What The Biggest Bear Exodus in 7 Years Means for Stocks

How the SPX performs after a big drop in self-identified bears

Sep 19, 2017 at 8:25 AM
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As the major stock indexes assailed record highs, the number of self-identified bears in the weekly American Association of Individual Investors (AAII) survey plummeted by 13.8 percentage points in the week ended Wednesday, Sept. 13 -- the largest one-week drop since July 2010. In fact, it's the first time in over a year that the number of AAII bears fell by 10 percentage points or more, with the last occurrence in February 2016, according to Schaeffer's Quantitative Analyst Chris Prybal. Against this backdrop, we decided to take a look at how the S&P 500 Index (SPX) tends to perform after a major exodus of bears.

AAII Bears Migrate to the Bullish Camp

So, where did all those AAII bears go last week? Most went directly to the bullish camp. While AAII bears fell to the lowest level since April 7, 2016, representing just 22% of AAII respondents, the number of self-proclaimed bulls jumped by 12 percentage points to 41.3% -- the highest since Jan. 11. It was the biggest percentage-point jump since April 26, and the biggest two-week bullish increase (16.3 percentage points) since Nov. 16, just after the presidential election. Nevertheless, the number of AAII bulls has been under 50% for 141 weeks, marking the longest streak on record.

Stock Performance After AAII Signals

Since 2009, there have been just 26 other times in which AAII bears dropped by 10 percentage points or more in the course of one week. Two weeks after these signals, the S&P 500 Index was up an average of 1.4%, and was positive 73% of the time. That's nearly triple the SPX's average two-week return of 0.5%, going back to 2009, with an average win rate of just 62%.

What's more, the SPX tends to outperform after these signals looking all the way out to six months (26 weeks). At the 13-week (three-month) marker, the SPX was higher an average of 5.1%, compared to an anytime average return of 3.5%. At both the three- and six-month marks, the S&P was in the black 88% of the time, compared to anytime win rates of 77% and 82%, respectively. And the index was up an average of 10.9% six months after a signal, compared to just 6.9% anytime.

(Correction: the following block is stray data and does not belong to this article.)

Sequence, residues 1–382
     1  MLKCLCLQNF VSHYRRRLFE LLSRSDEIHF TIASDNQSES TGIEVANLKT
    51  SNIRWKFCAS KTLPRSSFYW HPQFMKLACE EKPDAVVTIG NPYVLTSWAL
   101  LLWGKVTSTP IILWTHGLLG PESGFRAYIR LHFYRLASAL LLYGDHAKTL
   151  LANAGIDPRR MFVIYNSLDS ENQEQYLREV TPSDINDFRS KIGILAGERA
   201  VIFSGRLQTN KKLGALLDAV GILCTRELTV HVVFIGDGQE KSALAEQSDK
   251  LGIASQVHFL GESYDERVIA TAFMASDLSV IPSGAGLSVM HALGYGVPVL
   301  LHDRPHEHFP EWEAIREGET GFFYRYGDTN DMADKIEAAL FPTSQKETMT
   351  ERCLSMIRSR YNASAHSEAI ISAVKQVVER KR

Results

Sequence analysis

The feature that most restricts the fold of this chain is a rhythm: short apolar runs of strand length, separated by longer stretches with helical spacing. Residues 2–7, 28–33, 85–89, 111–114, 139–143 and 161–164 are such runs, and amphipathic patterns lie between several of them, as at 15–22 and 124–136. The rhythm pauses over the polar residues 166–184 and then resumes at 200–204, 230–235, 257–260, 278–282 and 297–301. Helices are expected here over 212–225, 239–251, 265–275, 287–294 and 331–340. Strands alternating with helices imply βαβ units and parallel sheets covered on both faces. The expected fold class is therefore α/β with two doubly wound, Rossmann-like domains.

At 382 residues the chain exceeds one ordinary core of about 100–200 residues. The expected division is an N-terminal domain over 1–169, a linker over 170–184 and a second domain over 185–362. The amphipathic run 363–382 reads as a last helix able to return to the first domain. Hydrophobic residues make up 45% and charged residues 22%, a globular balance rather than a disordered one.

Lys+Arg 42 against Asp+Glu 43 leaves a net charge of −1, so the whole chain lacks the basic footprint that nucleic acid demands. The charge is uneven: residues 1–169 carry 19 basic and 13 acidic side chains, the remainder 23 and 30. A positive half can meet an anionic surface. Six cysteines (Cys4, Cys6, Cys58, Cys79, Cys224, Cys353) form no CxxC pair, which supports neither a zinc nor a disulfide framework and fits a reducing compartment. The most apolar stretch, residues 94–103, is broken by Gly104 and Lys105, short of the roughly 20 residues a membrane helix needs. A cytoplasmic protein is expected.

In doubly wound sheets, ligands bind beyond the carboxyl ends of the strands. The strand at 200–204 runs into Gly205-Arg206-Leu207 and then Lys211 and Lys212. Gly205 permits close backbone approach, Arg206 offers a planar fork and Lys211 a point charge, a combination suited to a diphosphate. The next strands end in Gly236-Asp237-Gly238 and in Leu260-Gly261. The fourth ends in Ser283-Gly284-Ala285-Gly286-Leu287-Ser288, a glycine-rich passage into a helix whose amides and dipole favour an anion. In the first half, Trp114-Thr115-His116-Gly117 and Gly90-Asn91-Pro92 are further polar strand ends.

S&P 500 Index after AAII bears drop

Are We Still Climbing a Wall of Worry?

So, should contrarians be concerned? Not just yet. As Schaeffer's Senior V.P. of Research Todd Salamone recently pointed out, the bullish percentage in the weekly AAII sentiment survey got as high as 75% in January 2000, and was at 65% around the March 2000 top. Ahead of the October 2007 peak, a weekly streak of consecutive bullish percentage readings ran below 50% from late January 2007 through late September 2007, before finally climbing to 54% in October 2007, just before the financial crisis. Again, our current AAII bullish percentage is just over 41%. 

Meanwhile, short interest is rising even as the SPX hits record highs, suggesting we're still "climbing a wall of worry." Until we hit the "euphoria" phase of the sentiment cycle, it's unlikely that a market top is imminent. However, if you're nervous, Salamone says, "call options should be considered so that you have less capital at risk." 

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